Certainly 'post-evangelicalism' has been a strong force within Greenbelt for many years. But Northup does not believe it defines the festival. "If Greenbelt is post-evangelical, I would say it's also post-liberal," he says. "We wouldn't see that dichotomy between liberal and evangelical as helpful at all." Which is a wonderfully post-evangelical way of looking at it.

Northup says that, like evangelicalism, "liberalism takes us only so far, but not far enough. There's no coherence. There's no community commitment to certain absolutes in how we can make a difference in the world," and that as such, liberalism is unsatisfying. He also stresses, quite rightly, that Greenbelt is not like other major Christian events that tell you where to go and what to listen to. In what some might see as a delightfully liberal way, its very variety refuses to allow the festival to become programmatic. For Northup, Greenbelt has no 'liberal agenda' that some evangelicals might fear.

But the fact remains that last year's festival was the kind of space where the only way a mainstream worship leader was likely to get a standing ovation was if she'd just come out of the closet. In the context of a Church that has for millennia participated in the oppression of gay people (not to mention the ubiquity of the style of music that that worship leader creates), that's a wonderful thing. For those who want it to still be okay to have a different, non-progressive opinion on homosexuality and be at the festival, it may, rightly or wrongly, be a worry. Will a traditionalist on such matters (who nevertheless loves her gay neighbours and isn't going to be impolite at the festival), still be welcome at Greenbelt 2020?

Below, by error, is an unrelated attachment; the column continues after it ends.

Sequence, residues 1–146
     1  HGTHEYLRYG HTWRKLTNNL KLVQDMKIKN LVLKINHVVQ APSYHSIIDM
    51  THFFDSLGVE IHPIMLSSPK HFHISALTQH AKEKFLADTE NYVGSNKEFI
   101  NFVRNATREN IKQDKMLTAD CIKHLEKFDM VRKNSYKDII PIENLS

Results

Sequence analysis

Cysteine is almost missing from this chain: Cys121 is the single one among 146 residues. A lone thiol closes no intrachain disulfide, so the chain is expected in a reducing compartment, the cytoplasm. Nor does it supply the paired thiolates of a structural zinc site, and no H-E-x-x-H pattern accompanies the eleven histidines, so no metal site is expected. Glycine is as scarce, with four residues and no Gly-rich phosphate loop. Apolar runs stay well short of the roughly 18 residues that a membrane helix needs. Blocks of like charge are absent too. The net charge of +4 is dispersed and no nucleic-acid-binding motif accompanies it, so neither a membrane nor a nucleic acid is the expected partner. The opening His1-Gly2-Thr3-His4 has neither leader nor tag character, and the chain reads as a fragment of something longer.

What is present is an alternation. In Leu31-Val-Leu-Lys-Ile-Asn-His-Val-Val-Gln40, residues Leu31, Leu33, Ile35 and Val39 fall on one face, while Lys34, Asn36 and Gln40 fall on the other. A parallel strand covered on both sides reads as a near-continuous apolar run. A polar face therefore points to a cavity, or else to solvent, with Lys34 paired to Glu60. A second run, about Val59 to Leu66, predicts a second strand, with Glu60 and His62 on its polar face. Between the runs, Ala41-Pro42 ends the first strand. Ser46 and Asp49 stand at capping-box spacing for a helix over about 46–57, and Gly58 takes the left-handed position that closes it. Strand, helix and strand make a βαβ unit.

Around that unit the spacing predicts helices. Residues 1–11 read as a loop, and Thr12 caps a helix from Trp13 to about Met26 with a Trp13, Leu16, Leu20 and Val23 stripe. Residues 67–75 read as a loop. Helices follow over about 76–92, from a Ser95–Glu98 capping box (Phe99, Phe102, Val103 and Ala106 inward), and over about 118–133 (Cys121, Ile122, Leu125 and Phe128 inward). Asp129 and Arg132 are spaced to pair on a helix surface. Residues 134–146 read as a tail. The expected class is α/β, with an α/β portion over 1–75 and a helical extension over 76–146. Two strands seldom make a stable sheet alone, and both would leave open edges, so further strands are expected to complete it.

That's the kind of concern that's prompted some to ask if Greenbelt needs to rediscover its spiritual confidence as a Christian festival, to limit the influence of woolly progressivism and post-evangelical Christianity and regain some of its earlier evangelical charact or, at very least, balance.

Northup certainly knows that Greenbelt's value over recent years, as it has hosted Brian McLaren, Richard Rohr and others, has partly been as a crèche-course in progressive Christianity. "One of the gifts that Greenbelt has to offer the Church is precisely to people who have grown up in evangelical settings – to come and experience something which pokes and provokes that a little bit – not in a destructive way, but in a way that is a little bit of grit in the oyster," he says.